4th Quarter 2022.
While it seems each year investors hope the word “unprecedented” will be left in the rearview mirror, 2022 was unfortunately not spared from its curse. With nowhere to hide as the Federal Reserve (Fed) took action and geopolitics swirled, the 60/40 investor experienced the steepest losses he or she had in a generation.
Reflecting on 2022
Following most periods of aggressive growth, central banks must rein in the economy to keep it from boiling over. WoodTrust clients will recall a late-2021 pivot in the firm’s narrative toward a story of economic phases… Phase 1: The Pandemic Actions Unprecedented Policy, Phase 2: Companies and Consumers React to the Stimulus, Phase 3: A Careful Unwinding Begins.
As WoodTrust began to tell this story, it was clear the global economy was entering Phase 3. Less clear was the break-neck pace at which the Fed would tighten monetary policy when it grew worried inflation was not, in fact, transitory. What started as a seemingly one-time price shock that would pass quickly became a stickier issue as tight labor markets gave workers the confidence to ask for more pay. Since the Fed has no control over the tight supply of labor, the only option was to do its best to destroy demand by raising rates, hopefully bringing the economy back into balance in the process.
In an attempt to stomp out the 40-year-high inflation rate, the Fed hiked rates more than it had in any calendar year since 1980. With bond yields near zero and stock valuations sky-high, both asset classes were heavily sensitive to rate increases. As the increases began, both bond and stock prices cratered – erasing years of gains in the process. After the market found some semblance of a bottom around the end of Q3, market participants were left wondering how these rate hikes would play into the fundamentals of the global economy in the coming months and years.
A Nebulous 2023
As is true with most rate hiking cycles, let alone the record-setting kind, the biggest associated fear is whether they will tip the economy into a recession. Unfortunately, while a recession can be a common byproduct of these cycles, a quick survey of Wall Street’s best and brightest forecasters shows there are several differing opinions about whether said recession will be big, small or even occur at all.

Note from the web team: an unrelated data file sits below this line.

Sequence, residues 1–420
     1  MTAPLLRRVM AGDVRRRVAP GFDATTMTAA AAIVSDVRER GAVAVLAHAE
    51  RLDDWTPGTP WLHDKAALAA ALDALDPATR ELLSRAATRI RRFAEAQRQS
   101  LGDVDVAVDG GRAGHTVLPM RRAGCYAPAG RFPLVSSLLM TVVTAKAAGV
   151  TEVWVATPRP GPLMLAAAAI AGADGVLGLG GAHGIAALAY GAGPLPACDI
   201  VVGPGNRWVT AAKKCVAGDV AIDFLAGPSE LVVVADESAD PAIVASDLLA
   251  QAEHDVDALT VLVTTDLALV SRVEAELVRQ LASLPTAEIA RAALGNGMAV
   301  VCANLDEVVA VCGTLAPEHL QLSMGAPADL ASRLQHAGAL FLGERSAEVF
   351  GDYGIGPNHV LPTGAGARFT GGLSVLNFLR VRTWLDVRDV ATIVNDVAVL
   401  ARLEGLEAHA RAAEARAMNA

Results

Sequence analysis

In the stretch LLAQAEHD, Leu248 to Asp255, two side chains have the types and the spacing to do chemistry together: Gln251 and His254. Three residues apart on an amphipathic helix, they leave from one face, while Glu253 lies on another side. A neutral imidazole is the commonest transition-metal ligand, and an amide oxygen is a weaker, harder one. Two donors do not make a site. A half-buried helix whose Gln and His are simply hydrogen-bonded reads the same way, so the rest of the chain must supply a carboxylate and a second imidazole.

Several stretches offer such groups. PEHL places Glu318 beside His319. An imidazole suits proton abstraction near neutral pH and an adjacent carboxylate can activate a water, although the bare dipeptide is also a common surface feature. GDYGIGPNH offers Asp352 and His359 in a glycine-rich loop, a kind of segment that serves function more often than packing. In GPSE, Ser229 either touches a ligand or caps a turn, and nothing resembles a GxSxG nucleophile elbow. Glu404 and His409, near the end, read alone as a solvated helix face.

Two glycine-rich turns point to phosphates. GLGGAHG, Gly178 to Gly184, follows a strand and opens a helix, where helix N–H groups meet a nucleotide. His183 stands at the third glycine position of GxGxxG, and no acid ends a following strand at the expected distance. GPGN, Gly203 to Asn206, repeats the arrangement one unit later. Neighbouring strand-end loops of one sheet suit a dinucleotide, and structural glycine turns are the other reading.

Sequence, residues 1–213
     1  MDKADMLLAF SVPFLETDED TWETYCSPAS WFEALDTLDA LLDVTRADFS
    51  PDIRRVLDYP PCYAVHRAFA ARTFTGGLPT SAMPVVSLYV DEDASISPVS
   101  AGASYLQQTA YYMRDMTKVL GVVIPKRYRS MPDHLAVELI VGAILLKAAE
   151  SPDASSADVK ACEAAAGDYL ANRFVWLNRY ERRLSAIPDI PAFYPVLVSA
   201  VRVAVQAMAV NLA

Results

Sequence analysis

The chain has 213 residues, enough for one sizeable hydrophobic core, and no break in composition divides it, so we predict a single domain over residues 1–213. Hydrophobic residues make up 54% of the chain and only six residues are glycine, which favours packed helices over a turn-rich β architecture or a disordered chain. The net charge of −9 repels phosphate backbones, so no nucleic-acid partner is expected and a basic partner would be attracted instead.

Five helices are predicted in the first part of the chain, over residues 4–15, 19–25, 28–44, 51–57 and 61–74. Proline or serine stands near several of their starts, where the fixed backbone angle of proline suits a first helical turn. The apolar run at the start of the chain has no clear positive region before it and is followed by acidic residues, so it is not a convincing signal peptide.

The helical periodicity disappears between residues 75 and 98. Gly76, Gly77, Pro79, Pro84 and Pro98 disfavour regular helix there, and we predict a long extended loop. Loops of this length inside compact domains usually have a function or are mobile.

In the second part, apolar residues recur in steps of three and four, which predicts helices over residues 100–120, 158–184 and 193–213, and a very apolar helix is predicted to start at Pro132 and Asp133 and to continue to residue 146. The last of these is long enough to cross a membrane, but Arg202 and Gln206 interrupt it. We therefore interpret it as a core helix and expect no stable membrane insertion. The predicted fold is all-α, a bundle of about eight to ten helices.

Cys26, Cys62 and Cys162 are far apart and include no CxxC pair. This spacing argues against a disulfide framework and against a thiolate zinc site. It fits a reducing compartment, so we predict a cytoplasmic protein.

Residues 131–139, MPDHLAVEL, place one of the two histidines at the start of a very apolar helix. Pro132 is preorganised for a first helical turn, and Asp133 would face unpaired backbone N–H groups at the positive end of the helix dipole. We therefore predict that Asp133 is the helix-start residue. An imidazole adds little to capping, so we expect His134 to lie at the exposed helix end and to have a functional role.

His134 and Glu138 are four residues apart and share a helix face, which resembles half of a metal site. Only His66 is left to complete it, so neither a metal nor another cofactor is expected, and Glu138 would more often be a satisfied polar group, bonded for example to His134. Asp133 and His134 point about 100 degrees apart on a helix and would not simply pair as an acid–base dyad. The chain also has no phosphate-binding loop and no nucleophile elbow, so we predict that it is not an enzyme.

Some experts point to the strong labor market, explaining that while there are excessive job openings, excessive actual employment is more localized; therefore, it will be tough to have a full-blown recession as spending power may not fall apart. Other experts look to the energy markets, citing that energy prices are far too high to avoid a deeper, more painful recession.
Even more cloudy than the economic forecasts for 2023 are the expectations for the performance of different asset classes over the next twelve months. Some firms are defensive, unwilling to make large bets until they see the Fed take a meaningful pause and pivot. Others are getting aggressive, believing that the market has satisfactorily moved ahead of the economy and that all appropriate risks are priced in.
Given the significant spread in expectations, it is difficult to even surmise a reasonable “consensus view”. Thankfully, with an appropriate asset allocation and an understanding of their investment horizon, investors don’t have to.
A New Horizon
There are risks in the world and there are risks in capital markets; unfortunately, the former has a way of adding to the latter. It goes without saying that the world presently sits in a relatively delicate position as global super powers look to grow their influence and central banks all over the world work to keep their economies intact. While these themes should not be discounted and require constant scrutiny, it is important to understand what the painful reset of 2022 means for patient investors willing to look through the next 12-18 months in favor of what lies beyond.
While forecasters often struggle to appropriately time and project markets in the short- and medium-term, they tend to be more successful when framing expectations over multiple economic cycles.
Investors entered 2022 with a grim outlook for stock and bond market returns over the forthcoming 10-year period. However, one of the most significant drivers of return expectations is simply the starting point. With bond yields at their lows and stock valuations at their highs, it was difficult to imagine a world where much positive performance was attainable without taking a significant amount of risk. Jumping ahead to the beginning of 2023, bond yields are higher than they have been in 15 years and stock valuations are hovering near their 15-year average. These fresh starting points have led to a drastic improvement in long-term annualized return assumptions for stocks and bonds, raising them from 4.3% and 2.6% to 8.1% and 4.6%, respectively.1
This is the “New Horizon”. While price volatility may persist over the coming quarters, the risk investors must take to earn any unit of return in today’s market is substantially less than it was just over a year ago. Bonds are trading at yields where they can once again serve as the ballast of the portfolio. Stocks are available at prices where buying ownership in ingenuity, advancement and growth over the long-term no longer requires overextension. A patient investor with an appropriate asset allocation is entering an exciting phase of wealth building. As always, we thank you for your trust and look forward to our meetings with you in the near future.
1These returns are sourced from JPMorgan’s Long-Term Capital Market Assumptions, but the magnitude of increases in expectations is similar for most capital market forecasters.